Latest Article from Clifford May
February 22, 2017 • The Washington Times
RIYADH – Saudi Arabia is changing. When government officials here tell you that, you take it with an oversized grain of salt. But when Saudi human rights activists say the same, you pay attention.
"Baby steps," is how one bright young woman phrases it. She has studied abroad and recently become an attorney, one of only about 120 women admitted to the bar in this gender-segregated country.
Female attorneys in Saudi Arabia can practice only family law. But, she believes, over time other doors will open. "There is at least an acknowledgement that we need to evolve," she adds. More than that, this country's rulers have adopted a plan to reform if not transform their kingdom -- the heart of the Arab and Islamic worlds.
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Latest Article from Judith Miller
February 17, 2017 • City Journal
Call it the Oval Office virus. After less than a month in office, President Donald J. Trump, who as a candidate embraced WikiLeaks and a torrent of leaks about his rival Hillary Clinton's campaign, has become a champion of government secrecy. In a rowdy, 77-minute press conference Thursday, Trump said that he had personally instructed the Justice Department to open a criminal investigation into the leak of embarrassing information about his conversations with foreign leaders and former National Security Adviser Michael T. Flynn's contacts with Russia. While it is unusual for a president to ask for such a criminal investigation, or to discuss it publicly, no law prevents him from doing so. "It could be perceived as a political witch hunt," warned Susan Hennessey, a scholar at the Brookings Institution and former intelligence agency lawyer.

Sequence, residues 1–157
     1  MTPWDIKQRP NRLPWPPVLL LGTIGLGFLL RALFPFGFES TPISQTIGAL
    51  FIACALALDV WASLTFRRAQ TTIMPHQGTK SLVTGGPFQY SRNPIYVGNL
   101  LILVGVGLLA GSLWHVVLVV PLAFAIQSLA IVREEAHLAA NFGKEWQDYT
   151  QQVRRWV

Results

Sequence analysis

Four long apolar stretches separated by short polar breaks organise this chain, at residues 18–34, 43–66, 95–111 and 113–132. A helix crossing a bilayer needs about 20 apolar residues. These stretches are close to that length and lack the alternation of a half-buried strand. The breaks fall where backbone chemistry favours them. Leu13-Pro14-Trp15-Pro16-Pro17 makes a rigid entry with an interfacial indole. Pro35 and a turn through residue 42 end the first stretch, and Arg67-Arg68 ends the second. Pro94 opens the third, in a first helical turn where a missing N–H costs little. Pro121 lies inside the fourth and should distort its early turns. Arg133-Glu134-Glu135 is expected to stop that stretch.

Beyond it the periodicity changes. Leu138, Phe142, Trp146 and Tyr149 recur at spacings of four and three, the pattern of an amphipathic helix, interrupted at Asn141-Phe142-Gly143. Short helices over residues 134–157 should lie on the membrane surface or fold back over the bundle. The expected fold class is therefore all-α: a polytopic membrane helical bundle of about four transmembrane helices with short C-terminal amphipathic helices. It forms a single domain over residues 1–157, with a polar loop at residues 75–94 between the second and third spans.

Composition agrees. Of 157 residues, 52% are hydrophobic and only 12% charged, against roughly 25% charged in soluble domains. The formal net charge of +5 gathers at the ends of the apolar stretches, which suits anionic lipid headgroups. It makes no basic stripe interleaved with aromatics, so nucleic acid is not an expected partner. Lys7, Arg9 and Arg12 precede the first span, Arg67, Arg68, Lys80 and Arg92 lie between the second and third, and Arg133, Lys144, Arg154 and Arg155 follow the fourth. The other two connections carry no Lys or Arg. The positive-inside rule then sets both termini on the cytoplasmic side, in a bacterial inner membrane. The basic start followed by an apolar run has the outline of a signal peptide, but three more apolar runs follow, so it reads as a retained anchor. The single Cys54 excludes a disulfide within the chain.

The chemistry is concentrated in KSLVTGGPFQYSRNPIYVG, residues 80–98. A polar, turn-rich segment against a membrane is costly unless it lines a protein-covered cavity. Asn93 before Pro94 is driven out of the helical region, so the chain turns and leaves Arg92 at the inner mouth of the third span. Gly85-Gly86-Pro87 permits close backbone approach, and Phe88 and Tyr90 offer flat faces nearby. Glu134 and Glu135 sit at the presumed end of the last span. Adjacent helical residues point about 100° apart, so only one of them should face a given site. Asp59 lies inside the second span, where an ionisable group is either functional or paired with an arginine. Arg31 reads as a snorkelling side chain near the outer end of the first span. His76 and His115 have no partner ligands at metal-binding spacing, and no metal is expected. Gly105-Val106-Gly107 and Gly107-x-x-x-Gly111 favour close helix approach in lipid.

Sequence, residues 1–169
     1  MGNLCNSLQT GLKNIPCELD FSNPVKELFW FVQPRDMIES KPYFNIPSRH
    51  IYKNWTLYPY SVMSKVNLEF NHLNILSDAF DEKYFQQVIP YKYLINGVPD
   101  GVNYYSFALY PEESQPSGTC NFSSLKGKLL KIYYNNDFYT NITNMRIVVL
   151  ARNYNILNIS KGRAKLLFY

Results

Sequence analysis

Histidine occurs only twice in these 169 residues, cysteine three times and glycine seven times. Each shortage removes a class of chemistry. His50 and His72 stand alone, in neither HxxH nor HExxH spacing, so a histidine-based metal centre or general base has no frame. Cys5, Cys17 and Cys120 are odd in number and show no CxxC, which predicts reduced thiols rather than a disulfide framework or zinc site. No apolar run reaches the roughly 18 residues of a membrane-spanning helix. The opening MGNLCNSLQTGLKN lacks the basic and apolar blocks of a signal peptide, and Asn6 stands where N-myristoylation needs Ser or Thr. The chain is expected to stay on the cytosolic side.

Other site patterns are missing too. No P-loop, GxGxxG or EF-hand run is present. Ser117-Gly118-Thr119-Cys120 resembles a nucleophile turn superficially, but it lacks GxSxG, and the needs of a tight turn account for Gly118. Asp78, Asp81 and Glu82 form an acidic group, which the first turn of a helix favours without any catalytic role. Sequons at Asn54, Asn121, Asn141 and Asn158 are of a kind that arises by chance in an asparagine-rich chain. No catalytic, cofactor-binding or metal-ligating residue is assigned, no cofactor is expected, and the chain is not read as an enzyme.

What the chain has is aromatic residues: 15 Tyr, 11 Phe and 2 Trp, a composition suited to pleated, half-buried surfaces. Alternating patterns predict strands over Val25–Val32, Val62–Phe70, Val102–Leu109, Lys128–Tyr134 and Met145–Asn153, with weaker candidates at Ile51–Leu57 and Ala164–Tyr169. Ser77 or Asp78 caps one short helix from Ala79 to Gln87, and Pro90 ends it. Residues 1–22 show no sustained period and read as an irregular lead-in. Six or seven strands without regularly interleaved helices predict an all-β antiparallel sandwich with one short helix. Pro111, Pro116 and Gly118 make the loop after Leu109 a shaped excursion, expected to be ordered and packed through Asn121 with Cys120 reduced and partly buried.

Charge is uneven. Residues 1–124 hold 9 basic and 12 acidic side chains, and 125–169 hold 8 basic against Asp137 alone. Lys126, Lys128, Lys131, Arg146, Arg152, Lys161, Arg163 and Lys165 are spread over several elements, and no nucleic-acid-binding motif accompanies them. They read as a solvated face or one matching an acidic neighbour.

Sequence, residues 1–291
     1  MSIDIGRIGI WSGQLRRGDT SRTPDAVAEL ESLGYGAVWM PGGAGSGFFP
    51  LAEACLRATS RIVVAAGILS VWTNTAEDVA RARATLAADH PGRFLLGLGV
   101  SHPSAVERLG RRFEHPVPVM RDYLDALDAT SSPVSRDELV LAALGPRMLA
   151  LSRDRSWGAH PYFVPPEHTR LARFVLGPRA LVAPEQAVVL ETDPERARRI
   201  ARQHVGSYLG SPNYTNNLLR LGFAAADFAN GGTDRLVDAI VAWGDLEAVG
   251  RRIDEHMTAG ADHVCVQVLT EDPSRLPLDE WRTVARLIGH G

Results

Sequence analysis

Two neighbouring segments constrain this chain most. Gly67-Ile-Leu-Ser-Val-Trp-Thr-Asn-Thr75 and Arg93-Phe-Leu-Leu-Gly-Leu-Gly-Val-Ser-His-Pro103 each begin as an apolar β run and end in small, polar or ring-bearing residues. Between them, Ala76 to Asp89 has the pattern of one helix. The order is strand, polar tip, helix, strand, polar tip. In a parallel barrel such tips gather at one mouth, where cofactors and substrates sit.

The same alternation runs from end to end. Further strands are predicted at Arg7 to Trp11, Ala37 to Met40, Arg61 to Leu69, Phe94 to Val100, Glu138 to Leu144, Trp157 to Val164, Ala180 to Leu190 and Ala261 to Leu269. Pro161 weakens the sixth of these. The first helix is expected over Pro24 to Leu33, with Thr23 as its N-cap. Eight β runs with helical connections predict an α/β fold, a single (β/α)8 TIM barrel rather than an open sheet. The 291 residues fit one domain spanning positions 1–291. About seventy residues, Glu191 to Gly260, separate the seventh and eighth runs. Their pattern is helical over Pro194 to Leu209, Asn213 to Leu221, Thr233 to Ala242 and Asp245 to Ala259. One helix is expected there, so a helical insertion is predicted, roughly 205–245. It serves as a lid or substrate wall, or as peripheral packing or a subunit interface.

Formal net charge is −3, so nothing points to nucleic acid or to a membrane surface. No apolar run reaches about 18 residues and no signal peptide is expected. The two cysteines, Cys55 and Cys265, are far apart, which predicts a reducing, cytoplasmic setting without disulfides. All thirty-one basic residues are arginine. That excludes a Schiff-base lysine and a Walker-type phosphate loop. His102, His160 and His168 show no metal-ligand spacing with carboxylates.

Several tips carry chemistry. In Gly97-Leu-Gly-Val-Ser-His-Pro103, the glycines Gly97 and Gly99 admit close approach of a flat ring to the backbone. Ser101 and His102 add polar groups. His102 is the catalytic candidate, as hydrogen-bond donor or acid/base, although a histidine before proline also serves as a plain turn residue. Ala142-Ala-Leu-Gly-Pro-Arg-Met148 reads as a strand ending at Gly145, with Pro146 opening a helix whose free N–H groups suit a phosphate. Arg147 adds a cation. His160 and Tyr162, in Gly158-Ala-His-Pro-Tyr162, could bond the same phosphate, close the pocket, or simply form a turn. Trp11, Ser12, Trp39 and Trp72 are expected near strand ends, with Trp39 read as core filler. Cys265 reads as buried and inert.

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Latest Article from Jonathan Schanzer
February 17, 2017 • Wall Street Journal
Benjamin Netanyahu has achieved his primary objective of resetting ties with the U.S. after eight years of tensions. True, the Israeli prime minister and Donald Trump still need to bridge the gap on issues such as Palestinian-Israeli diplomacy and West Bank settlements. But they seem to be on the same page on a broad range of regional matters.
That could lead to a breakthrough on an issue of strategic importance to Israel. According to reports of the two leaders' meeting on Wednesday, Mr. Netanyahu asked for U.S. recognition of Israeli sovereignty over the Golan Heights.
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Latest Article from Soeren Kern
February 13, 2017 • Gatestone Institute
Police reports show that Germany's migrant rape crisis continues unabated, although accurate statistics are notoriously non-existent, this in one of the most technologically advanced countries in the world. German authorities have repeatedly been accused of underreporting the true scale of the migrant crime problem in the country.
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Latest Article from Michael Freund
February 9, 2017 • Jerusalem Post